Recent years have also seen a big increase in the number of firms selling transition management services. Like Elvis impersonators, there are more than ever to choose from. Firms with trading capabilities have seen an opportunity to increase their order flow and hung out a shingle. Custodian banks have seen an opportunity to break out of their traditional fields into a higher growth business area and done the same. Others have noted the explosion in interest and jealously eyed the easy money apparently to be made.
At this point, I’m going to break The First Law of Forecasting. I predict that the number of transition managers (and, indeed Elvis impersonators) will reach a natural limit and stop growing. Calling yourself a transition manager is no more a guarantee of limitless profits than adding .com to your name was in 1999. Some will pull out when they fail to achieve market share or experience unexpected losses from inadequate operational control. Transition management is not easy; some will fail.
The other big trend has been a closer focus on portfolio performance.
Indeed, the single biggest development of 2003 was the production of a standard methodology for calculating performance, known as the ‘T standard.’ I should declare a vested interest here, since I wrote the article in the Winter 2002/2003 edition of the Journal of Performance Measurement that called for such a standard and set the ball rolling. The speed and willingness with which plan sponsors and the industry picked up that challenge was terrific.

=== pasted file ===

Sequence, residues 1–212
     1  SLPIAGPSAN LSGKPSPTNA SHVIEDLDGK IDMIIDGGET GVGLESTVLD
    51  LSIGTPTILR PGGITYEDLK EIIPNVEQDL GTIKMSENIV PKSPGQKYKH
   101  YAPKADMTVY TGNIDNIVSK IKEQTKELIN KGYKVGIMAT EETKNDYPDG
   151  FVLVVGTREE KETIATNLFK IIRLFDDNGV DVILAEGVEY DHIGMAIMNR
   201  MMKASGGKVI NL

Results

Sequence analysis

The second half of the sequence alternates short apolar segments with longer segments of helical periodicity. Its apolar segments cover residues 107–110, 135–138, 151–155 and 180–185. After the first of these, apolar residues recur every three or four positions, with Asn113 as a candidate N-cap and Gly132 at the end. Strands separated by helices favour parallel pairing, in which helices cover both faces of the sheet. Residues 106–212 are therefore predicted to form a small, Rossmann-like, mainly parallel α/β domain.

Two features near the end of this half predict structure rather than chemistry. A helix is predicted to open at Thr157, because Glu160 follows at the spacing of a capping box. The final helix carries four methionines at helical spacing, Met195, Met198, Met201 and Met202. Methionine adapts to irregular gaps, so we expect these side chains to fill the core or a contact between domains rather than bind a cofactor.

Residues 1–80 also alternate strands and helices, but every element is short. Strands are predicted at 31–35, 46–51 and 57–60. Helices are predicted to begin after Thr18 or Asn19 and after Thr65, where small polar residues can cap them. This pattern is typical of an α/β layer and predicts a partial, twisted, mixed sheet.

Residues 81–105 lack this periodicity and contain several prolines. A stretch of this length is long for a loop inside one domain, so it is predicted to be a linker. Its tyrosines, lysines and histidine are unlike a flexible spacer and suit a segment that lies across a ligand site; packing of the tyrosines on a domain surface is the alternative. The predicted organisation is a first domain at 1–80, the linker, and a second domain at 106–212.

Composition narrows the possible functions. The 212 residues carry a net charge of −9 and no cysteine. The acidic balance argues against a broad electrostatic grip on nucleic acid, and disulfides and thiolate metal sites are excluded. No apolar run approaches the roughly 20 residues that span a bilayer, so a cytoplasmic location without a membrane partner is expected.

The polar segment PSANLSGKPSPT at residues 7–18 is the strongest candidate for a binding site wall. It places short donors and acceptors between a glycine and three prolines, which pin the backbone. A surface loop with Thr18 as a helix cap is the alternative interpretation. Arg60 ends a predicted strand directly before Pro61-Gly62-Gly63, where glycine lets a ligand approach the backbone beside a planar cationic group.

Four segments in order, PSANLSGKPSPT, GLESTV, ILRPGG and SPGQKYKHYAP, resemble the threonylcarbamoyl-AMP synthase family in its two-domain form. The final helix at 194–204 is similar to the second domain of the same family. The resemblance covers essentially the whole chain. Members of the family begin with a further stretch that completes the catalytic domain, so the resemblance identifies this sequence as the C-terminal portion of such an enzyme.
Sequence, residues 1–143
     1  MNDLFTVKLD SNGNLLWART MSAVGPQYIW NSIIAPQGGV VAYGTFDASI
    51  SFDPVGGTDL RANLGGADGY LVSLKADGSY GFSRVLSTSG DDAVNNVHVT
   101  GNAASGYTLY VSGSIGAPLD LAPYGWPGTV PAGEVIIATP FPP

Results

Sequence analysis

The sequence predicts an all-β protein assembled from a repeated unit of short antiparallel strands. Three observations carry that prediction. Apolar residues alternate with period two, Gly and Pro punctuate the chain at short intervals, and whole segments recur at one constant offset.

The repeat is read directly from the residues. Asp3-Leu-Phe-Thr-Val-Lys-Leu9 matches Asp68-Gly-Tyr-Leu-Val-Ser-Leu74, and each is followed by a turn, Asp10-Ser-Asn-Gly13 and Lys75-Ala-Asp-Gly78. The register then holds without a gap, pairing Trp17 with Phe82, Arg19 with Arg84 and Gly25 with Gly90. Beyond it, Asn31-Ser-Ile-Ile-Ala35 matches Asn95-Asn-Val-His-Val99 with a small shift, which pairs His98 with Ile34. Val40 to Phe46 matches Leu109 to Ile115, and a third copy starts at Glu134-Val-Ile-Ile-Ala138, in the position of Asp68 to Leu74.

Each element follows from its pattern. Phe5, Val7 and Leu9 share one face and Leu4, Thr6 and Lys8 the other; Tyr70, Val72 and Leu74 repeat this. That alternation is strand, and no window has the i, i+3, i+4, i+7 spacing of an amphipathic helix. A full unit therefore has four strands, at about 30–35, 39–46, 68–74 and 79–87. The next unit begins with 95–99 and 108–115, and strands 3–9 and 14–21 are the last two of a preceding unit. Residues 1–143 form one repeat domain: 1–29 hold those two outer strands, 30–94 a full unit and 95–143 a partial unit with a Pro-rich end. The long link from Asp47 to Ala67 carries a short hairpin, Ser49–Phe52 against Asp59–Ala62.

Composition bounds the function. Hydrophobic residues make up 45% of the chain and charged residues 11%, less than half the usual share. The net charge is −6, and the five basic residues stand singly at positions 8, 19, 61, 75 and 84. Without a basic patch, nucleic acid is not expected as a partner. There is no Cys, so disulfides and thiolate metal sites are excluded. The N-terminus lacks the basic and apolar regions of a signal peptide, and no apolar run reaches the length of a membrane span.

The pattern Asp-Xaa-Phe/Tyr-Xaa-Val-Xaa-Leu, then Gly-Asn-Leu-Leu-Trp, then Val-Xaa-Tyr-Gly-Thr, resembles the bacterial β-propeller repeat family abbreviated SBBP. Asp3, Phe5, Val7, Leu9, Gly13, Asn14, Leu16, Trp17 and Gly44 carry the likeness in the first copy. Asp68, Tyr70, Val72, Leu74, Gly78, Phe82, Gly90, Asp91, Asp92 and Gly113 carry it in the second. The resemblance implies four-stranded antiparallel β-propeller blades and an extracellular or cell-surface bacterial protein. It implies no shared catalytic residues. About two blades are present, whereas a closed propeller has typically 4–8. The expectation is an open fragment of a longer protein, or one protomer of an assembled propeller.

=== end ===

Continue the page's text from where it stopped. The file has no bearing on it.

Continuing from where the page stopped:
The case for a standardized calculation is simple.
For plan sponsors, it makes reporting on transitions clearer and more meaningful. It will lead to better analysis of a transition event. It creates greater confidence in the transition industry and raises the level of discussion beyond what is currently possible.
The standard has been produced after a consultation process involving dozens of interested parties – transition providers, plan sponsors, investment managers, consultants, and others. I expect that, within a short time, just about every transition agreement will specify that performance should be reported on this basis.
This could transform how clients look at transitions.
Once they become accustomed to clearer reporting, clearer expectations can be formed going into an event. Major sources of risk can be identified in advance. After the event, the outcome will be compared to those expectations. If an unexpectedly bad outcome occurs, the client is better placed to understand what caused it.
In the absence of calculation standards, bad outcomes can be disguised by adjusting for factors deemed to be outside the transition manager’s control. The client would never see what really happened.
Looking further out, transition management will lose its ‘new’ status and take its place as just another specialist investment function. The different types of service available to investors will be better understood, along with the performance implications and risks of each. Competition will be based on service and performance and the better firms will flourish.
And, somewhere in Las Vegas, the strains of ‘In The Ghetto’will still be heard floating in the wind…
Bob Collie is director of research at Russell Investment Group.
The views expressed in this article are those of the author, and not necessarily those of Russell Investment Group, especially the bit about Elvis.